CAIRO — For budding actors in Egypt, the Hollywood of the Middle East, being discovered no longer means endless auditions or cruising the cafes where they hope to meet a director or producer. In our days, they may try their luck at cyberspace — YouTube or TikTok — hoping that their widely followed clips or prank shows can catch the eye of a producer and land them a cushy film deal.
This is exactly what happened to Ekramy Hagras, a widely followed influencer whose shows on YouTube, Facebook and TikTok attract hundreds of thousands viewers. Hagras' short clips and sarcastic prank shows have about 1.7 million followers on YouTube, and his Facebook account is followed by about 459,000 people.
In January, this fast-talking, widely gesticulating young man was cast in "Global," a political drama that largely resembles “Joker.” He will play the title role, played by Joaquin Phoenix in the original version.
The cast of the film, which is to be produced by Egypt’s Global Media, includes a number of activists and influencers on TikTok, Instagram and Facebook, or YouTubers such as Samir Sobhi and Eslam Shendy, a pop singer who has more than 62,000 followers on Facebook.
These “new media stars” are cast to play alongside veteran actors such as Ahmed Seyam, who seems happy enough with the casting.
The presence of the new actors in “Global” will turn this film into a unique experience, Seyam told Al-Monitor, adding, “The production does not rely on well-known film stars, so if it turns out to be a success this will confirm that artistic success depends on a good idea and good actors — not on the huge amounts of cash you pay to stars."
As soon as the trailer of the film was posted online, many fans of Hagras and Shendy wrote enthusiastically about the film on TikTok, Instagram and Facebook. But others criticized the decision of "Global" to cast Hagras in the title role and give prominent parts to other influencers and YouTubers, claiming that one's popularity on YouTube — in online prank shows, sarcastic stand-ups or "musicallies" (lip-synced music videos) — are no indication that these people can act.
“Idiots of TikTok becoming superheroes or what?” Fares Ezz-Eldin commented on the trailer, while Mohamed Abdo wrote, “The silly TikTok guy is starring in a film along with his silly friends.”
Though YouTube and social media clips reach a wide audience, they are often criticized for their racy lyrics, revealing clothes worn by the singers or simply for being shallow, offensive, dangerous or illegal. For example, a controversial YouTube couple — Ahmed Hassan and Zeinab Mohamed — have been facing trial since August 2019 for putting their baby in danger with the sole purpose of improving their ratings. The attention-craving couple posted videos of the newborn crying for long periods without tending to him in order to mock mothers whom they regard as slaves to their babies. Other videos showed the couple trying to test the reactions of the baby in dangerous situations, such as putting him in water or holding him out of the car window on a highway.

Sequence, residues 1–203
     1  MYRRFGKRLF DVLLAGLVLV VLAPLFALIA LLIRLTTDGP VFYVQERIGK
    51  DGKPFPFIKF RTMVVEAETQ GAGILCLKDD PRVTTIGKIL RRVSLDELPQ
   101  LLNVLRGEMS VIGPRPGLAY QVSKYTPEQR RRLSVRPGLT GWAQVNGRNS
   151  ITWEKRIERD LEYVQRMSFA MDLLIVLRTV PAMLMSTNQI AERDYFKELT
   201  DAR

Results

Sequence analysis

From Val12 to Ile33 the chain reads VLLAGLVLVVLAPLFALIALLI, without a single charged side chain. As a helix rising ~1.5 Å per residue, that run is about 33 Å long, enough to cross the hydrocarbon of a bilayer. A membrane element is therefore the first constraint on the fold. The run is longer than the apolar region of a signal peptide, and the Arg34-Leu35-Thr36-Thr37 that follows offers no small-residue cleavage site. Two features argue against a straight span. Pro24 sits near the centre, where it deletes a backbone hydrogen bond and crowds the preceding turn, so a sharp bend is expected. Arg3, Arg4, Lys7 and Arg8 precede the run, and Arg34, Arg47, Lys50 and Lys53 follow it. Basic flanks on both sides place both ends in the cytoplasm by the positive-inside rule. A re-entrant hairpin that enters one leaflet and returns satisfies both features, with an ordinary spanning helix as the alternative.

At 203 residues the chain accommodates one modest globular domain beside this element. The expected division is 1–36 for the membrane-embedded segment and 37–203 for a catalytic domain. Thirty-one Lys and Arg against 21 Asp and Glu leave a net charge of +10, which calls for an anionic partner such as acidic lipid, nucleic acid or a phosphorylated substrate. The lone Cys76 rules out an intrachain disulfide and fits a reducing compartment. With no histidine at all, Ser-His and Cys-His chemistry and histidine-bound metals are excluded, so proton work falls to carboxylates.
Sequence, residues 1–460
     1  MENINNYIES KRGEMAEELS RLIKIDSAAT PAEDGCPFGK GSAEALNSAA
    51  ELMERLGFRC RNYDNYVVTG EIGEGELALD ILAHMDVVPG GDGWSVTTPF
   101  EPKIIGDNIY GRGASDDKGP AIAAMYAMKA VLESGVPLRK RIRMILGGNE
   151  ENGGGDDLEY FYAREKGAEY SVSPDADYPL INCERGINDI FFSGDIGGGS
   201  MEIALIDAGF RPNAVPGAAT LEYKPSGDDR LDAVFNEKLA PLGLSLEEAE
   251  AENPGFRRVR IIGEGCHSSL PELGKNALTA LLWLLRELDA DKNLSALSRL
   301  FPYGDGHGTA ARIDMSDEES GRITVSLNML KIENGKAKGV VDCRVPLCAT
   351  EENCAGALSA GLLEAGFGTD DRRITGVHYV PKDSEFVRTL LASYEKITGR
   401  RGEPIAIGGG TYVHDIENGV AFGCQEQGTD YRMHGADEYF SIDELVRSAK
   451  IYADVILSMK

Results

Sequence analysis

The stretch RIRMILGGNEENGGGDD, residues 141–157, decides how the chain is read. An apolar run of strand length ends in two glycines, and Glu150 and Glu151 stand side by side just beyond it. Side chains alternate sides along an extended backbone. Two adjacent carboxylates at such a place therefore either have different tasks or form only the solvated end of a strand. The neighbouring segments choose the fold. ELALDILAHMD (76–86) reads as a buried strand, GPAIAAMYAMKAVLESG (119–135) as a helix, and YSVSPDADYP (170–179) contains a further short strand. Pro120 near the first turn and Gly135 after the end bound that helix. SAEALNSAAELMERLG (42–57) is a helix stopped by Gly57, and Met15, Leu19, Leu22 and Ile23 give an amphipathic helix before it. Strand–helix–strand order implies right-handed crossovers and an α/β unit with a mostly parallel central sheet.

Hagras was a partner of Hassan and Mohamed in many of their prank videos over the past year.
Tarek Desouki, a member of the Egyptian Film Critics Association, said that getting non-actors to star in films was not unique to the present or to Egypt. “Many producers and directors have chosen singers, such as Frank Sinatra and Dean Martin in the United States. In Egypt, Abdel Halim Hafez and Farid El-Atrash were initially known as singers,” he told Al-Monitor.
He noted that one never knows whether someone is a good actor unless you put him in front of the camera.
“Many singers such as Muharram Fuad and Mohamed Roushdi were not successful on the big screen. Hafez, on the other hand, became a well-known actor. This is actually what will happen with social media influencers — some of them will succeed and become known as actors and others will face failure several times, until they realize that they are not cut out for cinema,” he said.
The invasion of social influencers into the Egyptian cinema started in the last decade, gaining momentum in 2016. Some, such as Ahmed Amin and Amr Wahba, made a smooth transition to films and TV series.
Others made a start but could not quite reach fame and success. For example, the cinema career of stand-up comedian Shadi Srour began — and swiftly ended — with the Egyptian copycat of the award-winning film "Titanic.” He was never cast in another film again. Another online performer, Mohamed Mekawy, landed a minor role in 2018, but that was it.
According to Nader Adly, a member of the Egyptian Film Critics Association and director of the Alexandria International Film Festival, it is “natural” for activists and influencers of social networks to try their luck at cinema and become film stars. “It is the producers’ mistake to take them on without giving much thought to their abilities as an actor, simply because they think that those social media influencers would make it easier to market the film,” he told Al-Monitor.
The veteran critic explained that casting a singer to star in a film was different. “It is basically attempting to combine two art forms — music and cinema. It is a good choice, particularly if it is a musical or a lyrical film,” he said. “It may even work if the singer is not a particularly good actor. It is also possible to exploit non-actors in specialized acting roles such as choosing an athlete to perform the role of an athlete so he can play the scenes without a double.”
“However, there is no artistic justification for exploiting social media influencers and YouTubers as actors, except to take advantage of their followers and subscribers to market and promote the film,” he concluded.
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